Volatility — that was the word of the day at Thursday’s release of the Alberta provincial budget.
Volatility rules the moment because two unrelated troubles, coronavirus and climate change alarmism, have weakened the economics around Alberta oil.
No one knows what’s going to happen with the coronavirus. And no one can say how the illegal blockades across Canada will play out, let alone if climate change radicals will have their way and forever block pipelines like Coastal GasLink or TMX.
What we do know is the price of Alberta oil has been hit hard by a lack of pipelines, and that the fear of coronavirus is now doing the same with the market price of oil, which hit a 12-month low on Thursday, shooting down more than US$15 per barrel from early January.
“I need to talk a little bit about the volatility we’re seeing out there in the marketplace today,” Finance Minister Travis Toews said at the day’s media conference. “It’s significant. Right now it’s quite unpredictable.”
In the face of this turmoil, Jason Kenney’s government put out a steady-as-she-goes budget, one intended to calm the fears of workers, employers and investors alike, while also projecting optimism in the face of the unknown.
“Ultimately we can’t predict where the coronavirus and the economic effects will end,” Toews said of his government. “But what we can do is we can manage the variables that this province can manage. That’s why we continue to believe that it’s vitally important that we create the most competitive business environment to attract investment and ensure that we’re spending responsibly … Those are the two things that we can manage.”
The government’s own projections on Alberta’s economic future are more optimistic than those put out by financial analysts. When asked about this discrepancy, Toews said his government has taken a credible and cautious approach in its projections.
The budget document does indeed include some cautions. For example, it says: “Alberta relies heavily on revenue that is volatile and unpredictable.”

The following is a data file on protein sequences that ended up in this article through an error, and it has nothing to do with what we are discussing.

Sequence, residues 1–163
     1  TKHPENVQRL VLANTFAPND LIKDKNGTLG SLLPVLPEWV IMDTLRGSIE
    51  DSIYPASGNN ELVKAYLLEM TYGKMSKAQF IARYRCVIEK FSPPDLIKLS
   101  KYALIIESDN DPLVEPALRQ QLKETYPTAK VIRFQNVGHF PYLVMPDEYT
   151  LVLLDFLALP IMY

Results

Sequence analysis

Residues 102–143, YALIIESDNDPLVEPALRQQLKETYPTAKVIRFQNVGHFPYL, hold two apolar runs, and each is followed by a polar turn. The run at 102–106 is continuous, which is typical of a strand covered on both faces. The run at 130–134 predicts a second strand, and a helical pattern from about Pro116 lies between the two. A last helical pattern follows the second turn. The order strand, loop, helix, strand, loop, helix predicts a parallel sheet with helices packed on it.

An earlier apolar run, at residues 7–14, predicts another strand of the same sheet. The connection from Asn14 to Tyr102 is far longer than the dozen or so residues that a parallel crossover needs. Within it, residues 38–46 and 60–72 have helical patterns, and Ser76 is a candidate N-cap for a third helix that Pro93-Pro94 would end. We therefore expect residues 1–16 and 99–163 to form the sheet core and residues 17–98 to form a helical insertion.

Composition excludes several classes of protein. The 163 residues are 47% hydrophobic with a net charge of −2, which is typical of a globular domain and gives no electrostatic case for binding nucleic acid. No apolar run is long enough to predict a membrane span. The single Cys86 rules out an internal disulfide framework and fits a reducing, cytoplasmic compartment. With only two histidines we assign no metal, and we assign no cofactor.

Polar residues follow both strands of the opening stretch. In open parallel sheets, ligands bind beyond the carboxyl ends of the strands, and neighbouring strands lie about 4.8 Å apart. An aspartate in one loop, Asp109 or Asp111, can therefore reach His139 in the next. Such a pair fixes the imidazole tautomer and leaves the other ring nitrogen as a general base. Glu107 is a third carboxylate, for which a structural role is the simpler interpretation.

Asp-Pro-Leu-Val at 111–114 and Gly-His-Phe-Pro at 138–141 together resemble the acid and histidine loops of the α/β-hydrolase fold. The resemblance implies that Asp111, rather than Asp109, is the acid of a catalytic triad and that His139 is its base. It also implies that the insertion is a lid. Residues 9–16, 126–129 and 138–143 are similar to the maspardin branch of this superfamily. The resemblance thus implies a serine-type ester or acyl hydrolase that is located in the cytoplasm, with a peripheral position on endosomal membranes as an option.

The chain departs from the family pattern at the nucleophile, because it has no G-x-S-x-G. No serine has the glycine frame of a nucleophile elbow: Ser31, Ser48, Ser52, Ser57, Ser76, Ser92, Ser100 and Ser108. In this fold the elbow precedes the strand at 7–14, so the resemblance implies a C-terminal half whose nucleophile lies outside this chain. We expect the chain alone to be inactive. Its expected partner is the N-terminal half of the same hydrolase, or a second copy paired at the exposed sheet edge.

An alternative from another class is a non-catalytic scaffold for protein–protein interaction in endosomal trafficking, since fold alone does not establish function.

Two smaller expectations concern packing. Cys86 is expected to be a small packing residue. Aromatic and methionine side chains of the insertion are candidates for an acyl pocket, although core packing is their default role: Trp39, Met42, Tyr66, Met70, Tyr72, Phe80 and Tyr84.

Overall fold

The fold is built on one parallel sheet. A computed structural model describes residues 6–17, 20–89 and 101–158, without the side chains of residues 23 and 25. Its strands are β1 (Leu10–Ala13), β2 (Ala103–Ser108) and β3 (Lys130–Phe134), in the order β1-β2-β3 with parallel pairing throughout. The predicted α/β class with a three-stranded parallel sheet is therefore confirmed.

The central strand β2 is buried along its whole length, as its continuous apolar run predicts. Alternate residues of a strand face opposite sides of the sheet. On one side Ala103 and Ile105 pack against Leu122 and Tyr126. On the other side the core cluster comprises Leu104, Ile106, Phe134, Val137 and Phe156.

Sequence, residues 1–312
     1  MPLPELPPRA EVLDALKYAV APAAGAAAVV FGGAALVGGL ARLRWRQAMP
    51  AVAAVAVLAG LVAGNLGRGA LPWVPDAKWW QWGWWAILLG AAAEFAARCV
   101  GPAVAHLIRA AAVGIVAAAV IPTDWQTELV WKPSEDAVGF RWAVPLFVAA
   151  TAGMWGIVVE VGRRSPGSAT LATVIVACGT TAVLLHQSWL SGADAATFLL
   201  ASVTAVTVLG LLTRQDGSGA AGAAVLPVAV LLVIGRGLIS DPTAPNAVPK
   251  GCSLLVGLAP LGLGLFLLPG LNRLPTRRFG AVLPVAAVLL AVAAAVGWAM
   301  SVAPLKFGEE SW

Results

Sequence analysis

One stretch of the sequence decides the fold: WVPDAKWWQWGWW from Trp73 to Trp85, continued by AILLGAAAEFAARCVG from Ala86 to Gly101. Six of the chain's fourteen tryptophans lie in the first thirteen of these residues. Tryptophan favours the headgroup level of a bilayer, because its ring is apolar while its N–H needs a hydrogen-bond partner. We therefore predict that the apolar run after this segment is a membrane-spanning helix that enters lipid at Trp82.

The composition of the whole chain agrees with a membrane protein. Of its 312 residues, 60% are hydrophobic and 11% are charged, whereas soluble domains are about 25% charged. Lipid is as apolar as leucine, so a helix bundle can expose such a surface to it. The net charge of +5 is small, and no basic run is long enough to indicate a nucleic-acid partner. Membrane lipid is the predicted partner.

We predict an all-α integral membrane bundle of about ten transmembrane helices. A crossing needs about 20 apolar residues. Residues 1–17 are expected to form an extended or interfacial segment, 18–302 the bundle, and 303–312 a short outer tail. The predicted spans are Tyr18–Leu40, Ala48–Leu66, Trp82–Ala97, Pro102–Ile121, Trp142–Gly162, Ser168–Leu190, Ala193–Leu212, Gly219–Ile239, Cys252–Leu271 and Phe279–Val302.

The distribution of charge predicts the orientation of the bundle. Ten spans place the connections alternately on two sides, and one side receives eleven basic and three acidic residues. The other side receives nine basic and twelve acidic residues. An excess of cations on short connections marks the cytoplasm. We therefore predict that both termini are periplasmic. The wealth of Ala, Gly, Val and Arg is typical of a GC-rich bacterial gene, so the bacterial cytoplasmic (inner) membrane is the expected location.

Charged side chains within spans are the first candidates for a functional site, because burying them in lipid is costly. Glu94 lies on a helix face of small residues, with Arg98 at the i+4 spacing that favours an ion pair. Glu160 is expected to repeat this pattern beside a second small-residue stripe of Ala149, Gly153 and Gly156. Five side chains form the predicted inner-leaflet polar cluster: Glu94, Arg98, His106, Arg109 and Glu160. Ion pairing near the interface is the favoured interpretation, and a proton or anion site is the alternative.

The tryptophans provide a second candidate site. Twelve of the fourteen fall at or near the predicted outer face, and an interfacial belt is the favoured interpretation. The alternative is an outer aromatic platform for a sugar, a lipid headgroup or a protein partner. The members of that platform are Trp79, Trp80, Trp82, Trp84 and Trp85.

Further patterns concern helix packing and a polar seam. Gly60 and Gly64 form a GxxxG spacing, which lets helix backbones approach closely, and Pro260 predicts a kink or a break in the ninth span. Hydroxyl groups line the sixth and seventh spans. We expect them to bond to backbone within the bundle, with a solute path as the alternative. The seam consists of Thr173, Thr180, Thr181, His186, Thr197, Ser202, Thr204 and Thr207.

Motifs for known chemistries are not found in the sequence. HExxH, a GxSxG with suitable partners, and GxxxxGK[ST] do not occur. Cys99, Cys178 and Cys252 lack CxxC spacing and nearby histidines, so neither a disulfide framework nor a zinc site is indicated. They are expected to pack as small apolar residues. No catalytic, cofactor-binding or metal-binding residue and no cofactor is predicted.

When it comes to the three major pipeline projects, Keystone XL, TMX and Enbridge Line 3, it reports: “Pipeline start dates appear to be on track … However, all three pipelines still face several regulatory hurdles.”
But the budget is also packed full of rosy projections.
It predicts the price of oil will rise to an average of US$58 this coming fiscal year and will shoot up to $63 on average in 2022-23. It predicts we will be exporting almost four million barrels of oil per day by then.
If all three major pipeline projects succeed, western Canada will have ample capacity by 2023, six million barrels per day between pipeline and railways.
Unemployment will drop by two per cent, the government predicts.
Dollars collected from resource revenues will shoot up from $5.4 billion in 2018-19 to $8.5 billion in 2022-23.
In total, government revenues will go from $50 billion in 2018-19 to $58 billion in 2022-23, thus allowing the Kenney government to keep its promise and have a surplus in 2022-23.
Perhaps if it were business as usual for the Canadian oil and gas sector I’d put more weight on such optimistic projections.
But when was the last time a major oil sands project or pipeline went off without a colossal hitch, if it got built at all?
One more note of caution in the budget is that for the happy projections to play out, Alberta does not need all three major pipelines to proceed by 2023, it needs just two of the three.
This caution is well advised. With the lame response from the Trudeau Liberals to the ongoing illegal blockades, why would anyone be optimistic about the fate of any pipeline, especially TMX?
Perhaps Keystone XL and Line 3 will go forward in Trump’s America. Of course, if oil-and-gas critic Bernie Sanders, the Democratic frontrunner, is elected president later this year, we’ll reach peak chaos in the industry across North America.
The budget digs into a scenario where not even one major pipeline gets built. It predicts such a disaster would cost Alberta $2.5 billion in 2022-23 alone.
But Toews said even with blockades and a slow response from law enforcement, he’s more optimistic about new pipelines getting built than he’s been in some time. Recent court decisions have gone in favour of proponents, he said. Companies are also working on plans to get an additional 300,000 barrels per day through existing pipelines. “I’ve been encouraged with that news.”
But then he added: “However, we will not celebrate on additional egress (pipeline capacity) until we actually see oil going through those lines.”
With Alberta’s volatility, that is the most sensible stance of all.